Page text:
Sitting in the hotel for breakfast, I settled down at a table on a window overlooking the fruit and nectar feeders.  First, a family group of Green-Headed Tanagers (Tangara seledon) and a single Red-necked Tanager (Tangara cyanocephala) dissembled a big banana on the silvery plate.  Then, a breath-taking male Burnished-buff Tanager (Tangara cayana) swept in, quickly followed in Continue reading Photographing Tanagers at Itatiaia NP/ Brazil

Rufous Hornero on a termite mound

Rosttöpfer The Rufous Hornero (Furnarius rufus) is so common in the Pantanal, that you hardly think of taking a picture, as you think, that you will do it next day. Ok, this time some pictures were shot, when the bird was standing on a termite mound. There is some examination ungoing to study the interaction between birds and termites in Brazil. A study found 218 bird species feeding on termites or using termitaria for nesting or perching . The study found out, that termites are used as a food source are exploited as a nest site for some bird species as well. Some bird species also perch on the top of termite mounds to search for their prey or to conduct territorial or courtship displays.

The Rufous Hornero is one – or the best-known- of the Ovenbirds and is from the same family as the Woodcreepers or the Spinetails. The bird looks a bit like a thrush but is very plain with a dirty white supercilium and a rather long, slightly Continue reading Rufous Hornero on a termite mound

Rusty-fronted Tody-flycatcher at the nest

Rostzügel-TodityrannA trip during a scientific excursion in the northern Pantanal between the 20th of December 2012 and the 10th of January 2013 showed a lot of excitement. One day I perceived a movement right along the path I was walking. A small bird with a transversely lying blade of grass quickly disappeared in the thicket. I can then see the place where a Rusty-fronted Tody-flycatcher (Poecilotriccus altirostris) diligently enters his nesting material. It appears to be an Cerrado islet that stand out slightly. The area is well closed with tight standing stems. Nevertheless, I get access to this only 3 meters in diameter measuring grove. After all, I’m standing right in front of his hanging nest. Only a short time later the Continue reading Rusty-fronted Tody-flycatcher at the nest

Red-legged Kittiwake on the Pribilofs

KlippenmöweA sticky grey fills the sky. Fog lays over the sea. Only a shade of white on the water is visible when the waves crush to the rocky coast. A narrow trails gives way to the cliffs – called bluffs – on the southern edge of the island of St. Paul. St. Paul, the biggest island of the Pribilofs, is more or less in the middle of nowhere in the Bering Sea.

Suddenly in the grey an almost white birds passes by, silently and effortlessly in a slow pace – sometimes standing in the constant wind – along the colonies of seabirds on the cliffs. Yes, a Kittiwake. But some characteristics with the well-known Kittiwake of the Western Palearctic, the Black-legged Kittiwake (Rissa tridactyla) – do not match. The bill looks more stout and the underwing looks grey and not white. Starting the descend of flight, red legs, are hanging out of the white body. Hey, this is the enigmatic Red-legged Kittiwake (Rissa brevirostris).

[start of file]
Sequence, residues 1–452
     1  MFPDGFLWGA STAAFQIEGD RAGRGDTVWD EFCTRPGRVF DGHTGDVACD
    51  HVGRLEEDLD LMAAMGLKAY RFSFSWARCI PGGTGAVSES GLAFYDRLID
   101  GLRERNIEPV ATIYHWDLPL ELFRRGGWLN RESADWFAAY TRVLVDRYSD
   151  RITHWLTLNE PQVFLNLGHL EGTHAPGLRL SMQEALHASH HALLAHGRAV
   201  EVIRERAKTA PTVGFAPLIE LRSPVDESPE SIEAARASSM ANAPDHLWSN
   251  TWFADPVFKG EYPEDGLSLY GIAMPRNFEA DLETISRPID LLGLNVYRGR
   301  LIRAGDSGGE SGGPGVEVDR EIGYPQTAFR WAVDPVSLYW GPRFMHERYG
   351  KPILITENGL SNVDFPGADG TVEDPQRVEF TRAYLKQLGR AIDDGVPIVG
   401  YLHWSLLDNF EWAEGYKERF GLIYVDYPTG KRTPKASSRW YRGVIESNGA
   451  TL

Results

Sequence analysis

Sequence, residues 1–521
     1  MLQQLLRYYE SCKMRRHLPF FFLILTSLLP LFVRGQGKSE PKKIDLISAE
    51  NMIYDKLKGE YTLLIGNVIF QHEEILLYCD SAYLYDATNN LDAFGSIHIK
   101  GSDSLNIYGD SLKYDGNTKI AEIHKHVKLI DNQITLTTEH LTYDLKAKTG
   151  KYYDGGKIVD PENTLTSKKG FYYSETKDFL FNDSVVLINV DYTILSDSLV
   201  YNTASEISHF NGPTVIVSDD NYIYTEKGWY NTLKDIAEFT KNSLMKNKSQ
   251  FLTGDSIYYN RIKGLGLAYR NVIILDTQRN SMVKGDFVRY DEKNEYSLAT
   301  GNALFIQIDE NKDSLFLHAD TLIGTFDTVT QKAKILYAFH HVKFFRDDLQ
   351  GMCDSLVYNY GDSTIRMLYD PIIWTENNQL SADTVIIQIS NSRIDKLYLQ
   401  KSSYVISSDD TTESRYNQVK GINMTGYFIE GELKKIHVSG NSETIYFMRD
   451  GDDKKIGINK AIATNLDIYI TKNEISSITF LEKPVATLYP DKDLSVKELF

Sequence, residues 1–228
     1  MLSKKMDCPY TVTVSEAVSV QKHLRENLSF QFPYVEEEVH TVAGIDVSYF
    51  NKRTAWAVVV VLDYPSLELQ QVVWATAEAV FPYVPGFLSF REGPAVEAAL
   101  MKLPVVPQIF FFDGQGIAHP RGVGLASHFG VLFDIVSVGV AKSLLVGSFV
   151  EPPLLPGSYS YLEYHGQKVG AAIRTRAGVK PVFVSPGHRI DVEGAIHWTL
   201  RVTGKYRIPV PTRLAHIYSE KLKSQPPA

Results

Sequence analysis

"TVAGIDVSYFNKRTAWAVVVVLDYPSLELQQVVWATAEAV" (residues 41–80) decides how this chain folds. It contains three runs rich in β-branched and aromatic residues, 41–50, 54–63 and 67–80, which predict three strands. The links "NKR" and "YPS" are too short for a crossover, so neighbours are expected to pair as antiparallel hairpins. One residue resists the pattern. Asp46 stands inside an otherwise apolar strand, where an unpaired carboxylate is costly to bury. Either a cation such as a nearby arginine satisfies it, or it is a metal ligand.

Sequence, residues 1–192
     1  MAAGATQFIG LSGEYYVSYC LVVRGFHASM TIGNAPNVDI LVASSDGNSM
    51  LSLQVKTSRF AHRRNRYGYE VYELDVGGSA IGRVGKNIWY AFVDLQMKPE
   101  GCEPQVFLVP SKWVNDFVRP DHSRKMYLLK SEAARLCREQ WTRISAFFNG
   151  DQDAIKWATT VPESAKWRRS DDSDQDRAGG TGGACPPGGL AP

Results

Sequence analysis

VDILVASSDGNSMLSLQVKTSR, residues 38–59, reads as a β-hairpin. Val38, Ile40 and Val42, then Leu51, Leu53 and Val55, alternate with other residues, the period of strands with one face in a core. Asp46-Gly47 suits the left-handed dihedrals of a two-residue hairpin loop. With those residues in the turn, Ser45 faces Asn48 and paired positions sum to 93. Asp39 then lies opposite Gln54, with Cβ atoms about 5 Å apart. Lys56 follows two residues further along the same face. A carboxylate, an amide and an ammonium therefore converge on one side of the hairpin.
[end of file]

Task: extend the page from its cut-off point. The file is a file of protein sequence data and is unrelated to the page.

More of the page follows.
The Red-legged Kittiwake is closely related to and partially sympatric with Black-legged Kittiwake (Rissa tridactyla) but there is no interbreeding known. The breeding adult Red-legged Kittiwake is white as its congener, but shows a darker grey mantle, back and upperwing.

Although roughly three quarters of the world’s population Continue reading Red-legged Kittiwake on the Pribilofs

Andean Cock-of-the-rock in Manu/ Peru

Andenklippenvogel oder AndenfelsenhahnThe spectacular Andean Cock-of-the-rock (Rupicola peruviana) suddenly sits on a branch in the middle of the thicket. In the middle of a pristine Cloud Forest lies the legendary spot, where you can photograph the most beautiful orange bird full-frame.

Whether you travel in the mist forest of Manu or into the wilderness of Amazonia, starting point in each case is the city of the Inka, Cusco, at 3.500 m height. Over treeless ande passes and past small villages the off-road vehicle transports you towards the north-east to the Kosñipata Valley at the South East of Peru. The transition from the dry zone takes place almost seamlessly at 4,000 m asl. to the eternally damp region of the fog, from bright sunshine to twilight. After five hours drive you reach the tree border, which is located in the tropical Andes at about 3,500 m. This is where the Manu National Park begins. Up to heights of 3,000 m, the narrow pass road is lined with bizarre “elfin forests”, barely man-high, gnarled, lichen-covered trees that are hundreds of years old and still have only a trunk diameter of less than 10 cm, The further you descend the higher trees are. In the fog, sometimes on the silhouettes of mighty trees are visible, and the trees are covered with bromeliads. After a further three hours of adventurous journey you reach the target location: The valley of the Rio Kosnipata on the southeast edge of the Manu National Park. The ornithological highlight is the Andean Cock-of-the-rock. In the midst of the cloud forest is the legendary place, where you can photograph the spectacular Red Rock-fountain in full format. Near the simple lodge, with the auspicious name “Cock-of-the-Rock Lodge”, you will find Continue reading Andean Cock-of-the-rock in Manu/ Peru